Central Fund Of Canada – An different Investment means For Precious Metals




Gold has been considered for centuries the “ultimate store of value.” In a world where governments in developed countries in addition as their central bankers have become increasingly adept at guiding their economies by sometimes already the most turbulent of economic and financial squalls, gold’s role as the “ultimate hedge” against financial calamity has become increasingly something of a historic curiosity instead of something that affects the decisions of many of today’s investors. Exceptions are those die-hard gold bugs including some who nevertheless hanker for a return to some kind of international gold standard under which all currencies are pegged to or backed by gold.

In the last few years, however, it is true that gold has had something of a resurgence. This was partly because of increasing need for gold jewelry in developing countries such as India and latterly China, but partly also because of geopolitical instability that has generated uncertainties of a more complicate and fluid character than those that ruled during the cold war years with their geopolitical stalemate between the two superpowers based on the terrifying, however ironically stabilizing, fear of mutually assured destruction. There is also some evidence that the recent formation and purchases of physical gold by gold-connected exchange traded funds (ETFs – see below), have also helped stimulus need for gold.

Direct investments in gold may be made by buy of bullion, coins, jewelry, and other physical forms of the precious metal, but for all but smaller amounts this brings with it the inconvenience and risks of storage and security. For the investor or trader, stocks of gold mining companies provide an excellent way to take a speculative or hedged position on future movements in the gold price. Stocks such Newmont Mining (NEM), Barrick Gold (ABX), Agnico-Eagle Mines (AEM), or Goldcorp (GG) are quoted on the New York Stock Exchange. (The last three of these are Canadian-based companies, however).

While gold mining stocks represent shares in corporations and consequently their individual price movements mirror news that is specific to the individual company, as a group their proportion prices generally follow the gold price closely. Gold mining companies’ production costs are fixed, so any increase in the gold price flows by to the bottom line, and profits are equally affected adversely by any fall in the gold price. A rising gold price is a harbinger of inflationary pressures and so both gold and gold mining company stocks tend to rise when stocks overall are under pressure and fall when the stock market is generally up on the day.

A purer form of gold (and indeed precious metals) investment/trading play and one that is not well known to many U.S.-based investors is Central Fund of Canada, quoted on the Toronto Stock Exchange and with the symbol CEF on the American Stock Exchange. Calgary, Alberta based Central Fund of Canada is itself not engaged in any kind of mining operations. It is a closed-end investment management company set up in 1961 to keep up gold and silver bullion passively on a obtain basis. at the minimum 90% of CEF’s assets are maintained in gold and silver. An investment in Central Fund of Canada provides proportion ownership in this gold and silver bullion, the value of which, together with some cash holdings and other assets, was at August 31, 2007 just under $950 Million (U.S. Dollars). As at that date the divided in precious metals holdings was 52% of net assets in gold and 46% of net assets in silver.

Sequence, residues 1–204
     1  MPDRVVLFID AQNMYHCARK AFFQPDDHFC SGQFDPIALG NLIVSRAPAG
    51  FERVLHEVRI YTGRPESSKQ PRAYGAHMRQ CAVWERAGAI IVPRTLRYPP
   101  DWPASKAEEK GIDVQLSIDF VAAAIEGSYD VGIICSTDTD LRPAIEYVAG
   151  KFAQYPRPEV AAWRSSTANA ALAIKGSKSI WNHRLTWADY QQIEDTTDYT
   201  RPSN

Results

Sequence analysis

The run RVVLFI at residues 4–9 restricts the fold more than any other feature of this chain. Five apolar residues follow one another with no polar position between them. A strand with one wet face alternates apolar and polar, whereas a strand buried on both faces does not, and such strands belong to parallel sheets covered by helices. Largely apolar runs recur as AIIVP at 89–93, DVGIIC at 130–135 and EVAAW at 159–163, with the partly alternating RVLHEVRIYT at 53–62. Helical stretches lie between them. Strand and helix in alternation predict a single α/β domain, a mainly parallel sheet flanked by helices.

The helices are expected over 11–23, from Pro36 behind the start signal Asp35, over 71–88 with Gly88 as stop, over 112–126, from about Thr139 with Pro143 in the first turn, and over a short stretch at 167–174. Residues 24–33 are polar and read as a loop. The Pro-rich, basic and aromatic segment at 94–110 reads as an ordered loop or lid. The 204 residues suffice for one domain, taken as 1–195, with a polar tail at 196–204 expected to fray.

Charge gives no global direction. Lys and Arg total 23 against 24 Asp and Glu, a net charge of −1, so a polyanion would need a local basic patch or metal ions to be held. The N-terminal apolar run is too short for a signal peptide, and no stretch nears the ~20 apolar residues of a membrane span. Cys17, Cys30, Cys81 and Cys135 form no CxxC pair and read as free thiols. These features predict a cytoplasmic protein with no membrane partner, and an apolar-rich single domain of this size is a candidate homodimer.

It should be noted that silver has slightly greater volatility than gold, largely owing to the fact that it has fewer commercial and industrial applications, in addition as not having the same position as an “ultimate store of value.” For a trading position consequently, the silver component serves to “juice” the position. For an investor, however, Central Fund of Canada can nevertheless be targeted as a way to take a speculative position in gold specifically in addition as in precious metals more generally. This is because over time the correlation between the gold and the silver price has a inclination to keep to a settled pattern. Recently this has been around 60:1, with one ounce of gold typically valued around the same as approximately sixty ounces of silver.

Recent developments with the introduction of gold exchange trade funds (ETFs) provide another functional medium for investors and traders to speculate on or hedge against the gold price. These offer many of the same basic advantages that Central Fund of Canada offers in terms of convenience and easy availability. The meaningful difference between the Central Fund form and ETFs is that as open-ended vehicles ETFs will tend to trade close to their inner net asset value.

Central Fund of Canada in shared with other close-end vehicles will trade at a discount or premium to its net asset value that at times can be quite meaningful. (It currently trades at a premium). What the authors particularly like about CEF is its track record – 46 years in existence. We believe that thin sector ETFs nevertheless have too short a track record for all of their advantages and disadvantages as trading and investing vehicles to have fully emerged and we do not as however have the same comfort level with ETFs that CEF provides us. At the very least, as a kind of older and more mature cousin of the hot gold sector ETFs of today, we would suggest that investors/traders in the latter may have an interest in looking more closely at the not so very well known Central Fund of Canada.

complete disclosure: The authors trade in and out of stocks on a very short-term basis using their own “Contrarian Ripple Trading” technique. Of the stocks mentioned here, they have recently traded CEF, ABX and NEM.




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